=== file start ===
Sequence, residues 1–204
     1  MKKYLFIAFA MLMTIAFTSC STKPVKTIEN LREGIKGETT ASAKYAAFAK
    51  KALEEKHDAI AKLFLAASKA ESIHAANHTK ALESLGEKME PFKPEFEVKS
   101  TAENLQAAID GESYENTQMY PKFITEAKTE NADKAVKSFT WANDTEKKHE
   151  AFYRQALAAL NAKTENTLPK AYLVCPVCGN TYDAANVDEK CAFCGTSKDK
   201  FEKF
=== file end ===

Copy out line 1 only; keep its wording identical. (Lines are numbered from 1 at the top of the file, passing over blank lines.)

Sequence, residues 1–204